Iomega Corporation, the world's leading manufacturer of portable data storage products, has agreed to settle Federal Trade Commission charges that it violated the FTC's Mail Order Rule when it failed to fulfill rebate and merchandise premium requests for its products. The company, which is based in Roy, Utah, has agreed to pay a $900,000 civil penalty -- the largest penalty ever obtained for non-fraudulent violations of the Mail Order Rule.
"The FTC's Mail and Telephone Order Sales Rule ensures that products and services ordered through the mail and over the phone are delivered as promised to consumers," said Jodie Bernstein, Director of the FTC's Bureau of Consumer Protection. "Iomega violated the Rule when it failed to provide refunds or promised merchandise to consumers. The Rule's protections against delayed delivery of merchandise are especially important in a rapidly developing industry."
Iomega markets a variety of computer data storage products, including the "Zip" drive, the "Jaz" drive, and the "Ditto" drive. These products, which are sold through computer retailers and large mail order houses, range in price from approximately $100 to $400, the FTC said. In addition to its large consumer market, the company supplies products to many major businesses and bundles its products with other manufacturers' computers.
According to the FTC, Iomega has sponsored numerous programs through which consumers could receive rebates, free merchandise ("premiums"), or both by purchasing Iomega products. The promotions appeared in print, at point of sale, on boxes, on the radio, and on Iomega's web site.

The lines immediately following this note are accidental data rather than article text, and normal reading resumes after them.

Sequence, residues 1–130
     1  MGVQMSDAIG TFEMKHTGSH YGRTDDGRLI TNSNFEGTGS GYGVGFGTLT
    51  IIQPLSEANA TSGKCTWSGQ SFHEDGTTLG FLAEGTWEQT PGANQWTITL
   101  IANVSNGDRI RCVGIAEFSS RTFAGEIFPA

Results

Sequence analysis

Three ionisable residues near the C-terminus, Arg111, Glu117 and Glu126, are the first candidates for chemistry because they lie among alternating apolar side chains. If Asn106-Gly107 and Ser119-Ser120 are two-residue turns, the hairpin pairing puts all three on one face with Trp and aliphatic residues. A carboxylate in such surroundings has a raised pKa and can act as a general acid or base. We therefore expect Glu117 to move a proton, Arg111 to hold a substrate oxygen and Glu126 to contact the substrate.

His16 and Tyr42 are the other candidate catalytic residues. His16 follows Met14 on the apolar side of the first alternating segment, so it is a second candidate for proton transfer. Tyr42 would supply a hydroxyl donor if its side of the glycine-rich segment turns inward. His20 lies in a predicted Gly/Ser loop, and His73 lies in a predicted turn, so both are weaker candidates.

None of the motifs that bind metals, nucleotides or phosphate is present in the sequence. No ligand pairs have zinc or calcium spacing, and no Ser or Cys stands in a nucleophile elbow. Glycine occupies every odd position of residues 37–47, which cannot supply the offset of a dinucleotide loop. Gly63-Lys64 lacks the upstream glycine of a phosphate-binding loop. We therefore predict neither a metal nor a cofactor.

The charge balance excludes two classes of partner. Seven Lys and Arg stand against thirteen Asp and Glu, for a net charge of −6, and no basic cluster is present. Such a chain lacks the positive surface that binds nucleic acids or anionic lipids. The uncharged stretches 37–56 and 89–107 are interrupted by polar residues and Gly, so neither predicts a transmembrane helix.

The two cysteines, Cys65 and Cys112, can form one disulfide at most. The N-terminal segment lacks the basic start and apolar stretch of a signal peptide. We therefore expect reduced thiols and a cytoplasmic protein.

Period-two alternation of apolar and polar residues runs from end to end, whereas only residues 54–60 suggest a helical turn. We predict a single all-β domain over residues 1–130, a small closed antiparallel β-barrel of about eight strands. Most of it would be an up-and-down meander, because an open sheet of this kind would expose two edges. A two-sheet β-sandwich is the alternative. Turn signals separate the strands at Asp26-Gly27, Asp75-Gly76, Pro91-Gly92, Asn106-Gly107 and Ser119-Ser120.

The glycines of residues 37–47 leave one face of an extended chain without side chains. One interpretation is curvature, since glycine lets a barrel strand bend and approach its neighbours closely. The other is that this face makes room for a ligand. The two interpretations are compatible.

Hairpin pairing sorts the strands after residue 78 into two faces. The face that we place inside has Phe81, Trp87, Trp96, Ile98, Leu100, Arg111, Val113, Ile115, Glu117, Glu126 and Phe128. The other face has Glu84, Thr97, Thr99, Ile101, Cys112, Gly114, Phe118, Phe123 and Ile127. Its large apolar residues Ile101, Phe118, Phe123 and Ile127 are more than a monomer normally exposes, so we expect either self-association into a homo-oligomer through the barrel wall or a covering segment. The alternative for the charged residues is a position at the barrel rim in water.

The FTC's complaint detailing the allegations states that Iomega violated the Mail Order Rule by:
The proposed consent decree calls for a $900,000 civil penalty and injunctive relief that would address Iomega's violations of the Mail Order Rule and the FTC Act. It would enjoin the company from misrepresenting the shipping time of any cash rebate or service offered; failing to provide any cash rebate within the time promised, or, if no time is promised, within 30 days; and failing to provide merchandise premiums or other non-cash inducements within the time promised, or, if no time is promised within 30 days, unless Iomega offers to the buyers the option to consent to the delay or cancel the order. The consent decree also provides an incentive for Iomega to disclose the closing date for any premium offer, and would require that the company make available sufficient coupons and adequate staff telephone lines to respond to anticipated demand.
The proposed settlement also contains a number of recordkeeping and reporting requirements designed to assist the FTC in monitoring compliance with its terms.
The complaint and proposed settlement were filed today by the Department of Justice on behalf of the FTC, in the U.S. District Court for the Northern Division of Utah.
The Commission vote to refer the complaint and proposed settlement to DOJ for filing was 4-0. The FTC's San Francisco Regional Office conducted the investigation in this matter.
NOTE: This consent decree is for settlement purposes only and does not constitute an admission by the defendant of a law violation. Consent decrees have the force of law when signed by the judge.
Copies of the complaint and proposed consent decree are available from the FTC's web site at http://www.ftc.gov and also from the FTC's Consumer Response Center, Room 130, 600 Pennsylvania Avenue, N.W., Washington, D.C. 20580; 202-FTC-HELP (202-382-4357); TDD for the hearing impaired 1-866-653-4261. To find out the latest news as it is announced, call the FTC NewsPhone recording at 202-326-2710.
(Civil Action No: 1:98CV00141C)
(FTC File No. 972 3023)